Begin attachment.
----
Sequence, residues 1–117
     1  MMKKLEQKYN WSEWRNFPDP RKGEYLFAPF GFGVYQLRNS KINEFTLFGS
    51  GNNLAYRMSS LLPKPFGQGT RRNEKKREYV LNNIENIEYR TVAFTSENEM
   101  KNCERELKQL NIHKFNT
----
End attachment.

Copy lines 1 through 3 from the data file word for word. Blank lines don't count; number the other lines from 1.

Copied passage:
Sequence, residues 1–117
     1  MMKKLEQKYN WSEWRNFPDP RKGEYLFAPF GFGVYQLRNS KINEFTLFGS
    51  GNNLAYRMSS LLPKPFGQGT RRNEKKREYV LNNIENIEYR TVAFTSENEM